We are gathered here today, to share our fond memories of Play-Doh and bid it a final farewell.
Play-Doh has always been an integral part of our family’s home life. We spent many carefree days, sitting around the table, employing our dear Play-Doh in the art of mess-free sibling bonding. Our kids would spend hours, yes hours, sculpting it into various shapes of the imagination. Miraculously, they never fought while in the company of Play-Doh. It had some innate peace evoking quality that seemed to bring the kids together in one harmonious quest to build the perfect art form. I will never be able to explain how it was able to do this. No other object, art supply or over the counter medication educational television program sedated my naturally crazy children long enough to allow them to get along with their siblings, the way that Play-Doh did. It was pure magic in the form of modeling compound.
As the children grew, their creations became more magnificent. The time that they spent with their friend, Play-Doh, became increasingly productive and educational. The kids would fashion literary characters and play out scenes from their favortie stories. Sometimes, we would have contests to see who could mold the most interesting abstract picture or fantastical creature. It was quality family time at its cheapest finest. Most days, however, I took advantage of the battle free period to do some Facebook time chores. It was the only time that I could do anything without being constantly summoned to mediate an argument or stop a kid from bludgeoning his brother’s face. There was something so stress relieving in watching the kids scamper to get the Play-Doh from its designated spot in the art cabinet. It was the greatly appreciated granting of God’s permission to be lazy productive in an area of my life that did not entail threatening persuading seven kids into taking a nap, in order to do so.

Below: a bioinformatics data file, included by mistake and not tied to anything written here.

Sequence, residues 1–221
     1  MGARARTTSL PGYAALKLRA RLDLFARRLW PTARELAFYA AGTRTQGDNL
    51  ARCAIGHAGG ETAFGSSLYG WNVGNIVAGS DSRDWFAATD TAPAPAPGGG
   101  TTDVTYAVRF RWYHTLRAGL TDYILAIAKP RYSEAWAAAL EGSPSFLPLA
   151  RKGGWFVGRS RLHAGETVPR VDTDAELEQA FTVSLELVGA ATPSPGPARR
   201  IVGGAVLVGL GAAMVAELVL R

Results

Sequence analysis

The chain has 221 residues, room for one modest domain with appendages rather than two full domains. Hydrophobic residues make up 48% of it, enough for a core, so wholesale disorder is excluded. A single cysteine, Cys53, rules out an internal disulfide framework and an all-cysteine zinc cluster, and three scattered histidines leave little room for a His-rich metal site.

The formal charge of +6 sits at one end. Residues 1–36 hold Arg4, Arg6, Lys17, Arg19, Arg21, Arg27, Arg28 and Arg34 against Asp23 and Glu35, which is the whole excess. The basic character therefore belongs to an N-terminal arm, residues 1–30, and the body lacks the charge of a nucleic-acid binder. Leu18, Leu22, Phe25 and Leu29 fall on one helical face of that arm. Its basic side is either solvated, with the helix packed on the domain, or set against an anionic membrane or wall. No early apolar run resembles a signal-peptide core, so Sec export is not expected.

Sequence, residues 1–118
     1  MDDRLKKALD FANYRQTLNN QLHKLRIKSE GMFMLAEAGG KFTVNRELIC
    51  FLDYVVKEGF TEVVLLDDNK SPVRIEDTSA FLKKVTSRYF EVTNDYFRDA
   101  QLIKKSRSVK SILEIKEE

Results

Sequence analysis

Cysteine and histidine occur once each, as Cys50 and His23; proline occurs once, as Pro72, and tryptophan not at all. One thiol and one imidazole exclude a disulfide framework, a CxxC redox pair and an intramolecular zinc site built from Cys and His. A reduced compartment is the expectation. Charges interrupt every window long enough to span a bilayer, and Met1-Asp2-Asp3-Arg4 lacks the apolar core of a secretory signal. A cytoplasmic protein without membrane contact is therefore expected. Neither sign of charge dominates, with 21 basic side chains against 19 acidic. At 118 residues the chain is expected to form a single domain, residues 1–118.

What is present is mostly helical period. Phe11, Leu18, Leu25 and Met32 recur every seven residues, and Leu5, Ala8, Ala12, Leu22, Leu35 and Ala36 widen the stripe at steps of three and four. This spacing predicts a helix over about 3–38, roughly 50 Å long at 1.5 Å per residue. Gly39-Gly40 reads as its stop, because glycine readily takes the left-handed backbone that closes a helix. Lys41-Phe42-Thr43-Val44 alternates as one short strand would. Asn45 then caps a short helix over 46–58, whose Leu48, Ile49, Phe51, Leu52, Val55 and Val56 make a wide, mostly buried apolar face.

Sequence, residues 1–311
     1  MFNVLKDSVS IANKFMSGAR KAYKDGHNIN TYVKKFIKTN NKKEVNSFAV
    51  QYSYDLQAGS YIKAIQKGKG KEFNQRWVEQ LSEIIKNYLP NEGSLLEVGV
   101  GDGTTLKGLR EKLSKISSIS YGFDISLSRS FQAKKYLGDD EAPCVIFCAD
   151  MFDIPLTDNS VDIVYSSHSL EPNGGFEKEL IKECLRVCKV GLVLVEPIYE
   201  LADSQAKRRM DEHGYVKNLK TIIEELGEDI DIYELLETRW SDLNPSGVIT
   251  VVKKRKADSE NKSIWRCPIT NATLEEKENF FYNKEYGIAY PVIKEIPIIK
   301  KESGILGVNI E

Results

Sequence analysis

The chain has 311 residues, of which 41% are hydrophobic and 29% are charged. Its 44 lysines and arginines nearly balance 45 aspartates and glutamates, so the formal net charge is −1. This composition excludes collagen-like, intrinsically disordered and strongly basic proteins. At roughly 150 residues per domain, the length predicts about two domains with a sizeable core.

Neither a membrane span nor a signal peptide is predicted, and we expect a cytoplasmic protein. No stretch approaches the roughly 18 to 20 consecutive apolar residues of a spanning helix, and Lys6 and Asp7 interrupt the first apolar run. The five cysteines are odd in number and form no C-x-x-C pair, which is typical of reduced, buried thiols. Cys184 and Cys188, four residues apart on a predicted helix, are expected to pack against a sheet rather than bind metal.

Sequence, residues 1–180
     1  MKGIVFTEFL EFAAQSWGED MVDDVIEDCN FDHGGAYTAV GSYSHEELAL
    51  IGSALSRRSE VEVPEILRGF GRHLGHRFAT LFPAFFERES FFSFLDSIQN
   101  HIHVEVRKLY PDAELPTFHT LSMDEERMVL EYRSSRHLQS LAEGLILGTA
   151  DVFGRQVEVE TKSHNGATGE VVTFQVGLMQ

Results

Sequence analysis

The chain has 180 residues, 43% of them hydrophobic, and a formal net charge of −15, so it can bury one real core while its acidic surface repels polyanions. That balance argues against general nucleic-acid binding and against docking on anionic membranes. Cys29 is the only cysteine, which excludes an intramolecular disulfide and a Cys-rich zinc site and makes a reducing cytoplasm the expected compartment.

Sadly, those days are over. We knew that Play-Doh would not be around forever. It was not the death that shocked me; it was the way in which it went that really left me at a loss for words.
I had always imagined pre teen kids telling me that they no longer were interested in sculpting the vividly colored dough, because it was no longer cool and did not require batteries. I thought that, surely, we had a few good years left with our dear friend. Today was not the day that I had ever pictured having to bag up its remains and lay them to rest in the big brown receptacle, outside. Alas, we know not the hour, nor the day that our children will outgrow us. For my family, it was today…the day that Trenton decided to take his knowledge of the human body and design a detailed replica of one of the most fascinating, yet taboo, parts of the male (complete with pubic hair.) His phallic creation was a sure sign that we could not prolong its departure from our home. The days of innocent sculpting and occasional sibling camaraderie are gone forever.
We will miss you, Play-Doh. Your memory will live on in our hearts forever.